A calculus of the absurd

3.4.3 "Hidden" geometric series.

Sometimes geometric series can be hiding in plain sight!

For example, this series is actually a geometric series! 55 This requires knowledge of logarithms and exponents, which are explored lower down in this document.

\begin{equation} \log _3\left (3^{1} \cdot 3^{\frac {1}{2}} \cdot 3^{\frac {1}{4}} \cdot ...\right ) \end{equation}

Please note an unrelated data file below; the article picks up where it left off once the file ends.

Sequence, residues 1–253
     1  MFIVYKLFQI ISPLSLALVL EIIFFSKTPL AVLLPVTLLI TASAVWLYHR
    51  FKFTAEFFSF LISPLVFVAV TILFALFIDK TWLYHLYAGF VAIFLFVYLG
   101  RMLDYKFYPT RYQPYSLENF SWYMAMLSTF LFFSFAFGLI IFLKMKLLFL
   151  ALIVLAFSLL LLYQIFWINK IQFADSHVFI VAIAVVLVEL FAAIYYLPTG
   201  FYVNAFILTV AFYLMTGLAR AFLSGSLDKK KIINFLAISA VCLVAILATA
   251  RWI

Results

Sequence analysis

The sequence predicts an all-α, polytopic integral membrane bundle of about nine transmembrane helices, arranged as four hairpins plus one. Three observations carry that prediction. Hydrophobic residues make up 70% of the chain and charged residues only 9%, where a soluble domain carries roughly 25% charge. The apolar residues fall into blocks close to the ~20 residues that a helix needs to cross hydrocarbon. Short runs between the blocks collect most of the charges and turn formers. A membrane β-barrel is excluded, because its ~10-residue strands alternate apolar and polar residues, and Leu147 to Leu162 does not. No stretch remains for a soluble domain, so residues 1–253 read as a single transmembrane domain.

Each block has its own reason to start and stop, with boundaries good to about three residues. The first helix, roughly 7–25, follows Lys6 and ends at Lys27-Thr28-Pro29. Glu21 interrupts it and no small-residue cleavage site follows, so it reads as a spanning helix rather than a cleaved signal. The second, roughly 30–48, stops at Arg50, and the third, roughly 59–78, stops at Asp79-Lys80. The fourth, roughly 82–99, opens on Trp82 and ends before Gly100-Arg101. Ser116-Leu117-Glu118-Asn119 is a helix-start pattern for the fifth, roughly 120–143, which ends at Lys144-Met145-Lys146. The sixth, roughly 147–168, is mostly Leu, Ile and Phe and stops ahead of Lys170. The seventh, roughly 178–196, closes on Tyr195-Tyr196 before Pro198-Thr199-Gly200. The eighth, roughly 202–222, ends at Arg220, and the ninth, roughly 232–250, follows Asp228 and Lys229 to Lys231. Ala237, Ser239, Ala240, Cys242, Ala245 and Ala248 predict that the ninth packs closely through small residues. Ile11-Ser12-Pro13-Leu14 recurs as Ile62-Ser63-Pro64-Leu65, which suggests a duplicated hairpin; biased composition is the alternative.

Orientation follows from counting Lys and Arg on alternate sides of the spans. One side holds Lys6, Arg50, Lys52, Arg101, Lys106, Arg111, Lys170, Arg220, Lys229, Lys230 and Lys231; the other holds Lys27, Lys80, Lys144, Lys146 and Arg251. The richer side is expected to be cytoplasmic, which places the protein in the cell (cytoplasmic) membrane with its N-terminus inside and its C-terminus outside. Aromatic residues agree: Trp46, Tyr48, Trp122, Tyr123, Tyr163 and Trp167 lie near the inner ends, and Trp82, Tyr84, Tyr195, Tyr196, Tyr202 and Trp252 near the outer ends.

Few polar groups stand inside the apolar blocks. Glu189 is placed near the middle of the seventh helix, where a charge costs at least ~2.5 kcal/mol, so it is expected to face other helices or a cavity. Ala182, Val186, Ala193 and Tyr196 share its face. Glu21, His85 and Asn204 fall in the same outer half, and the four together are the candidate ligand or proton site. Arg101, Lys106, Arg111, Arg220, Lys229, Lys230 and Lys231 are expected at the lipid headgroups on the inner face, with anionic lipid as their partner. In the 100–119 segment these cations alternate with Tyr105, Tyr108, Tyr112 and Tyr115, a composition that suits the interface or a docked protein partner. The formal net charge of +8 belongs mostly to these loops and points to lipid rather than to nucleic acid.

Applying the log rules, we get

\begin{equation} \log _3\left (3^1\right ) + log_3\left (3^{ \frac {1}{2} }\right ) + \log _3\left ( 3^{\frac {1}{4}}\right ) + ... \end{equation}

Which simplifies to

\begin{equation} 1 + \frac {1}{2} + \frac {1}{4} + ... \end{equation}

Which is just an infinite geometric series that converges to \(2\) (as \(\abs {r} < 1\)).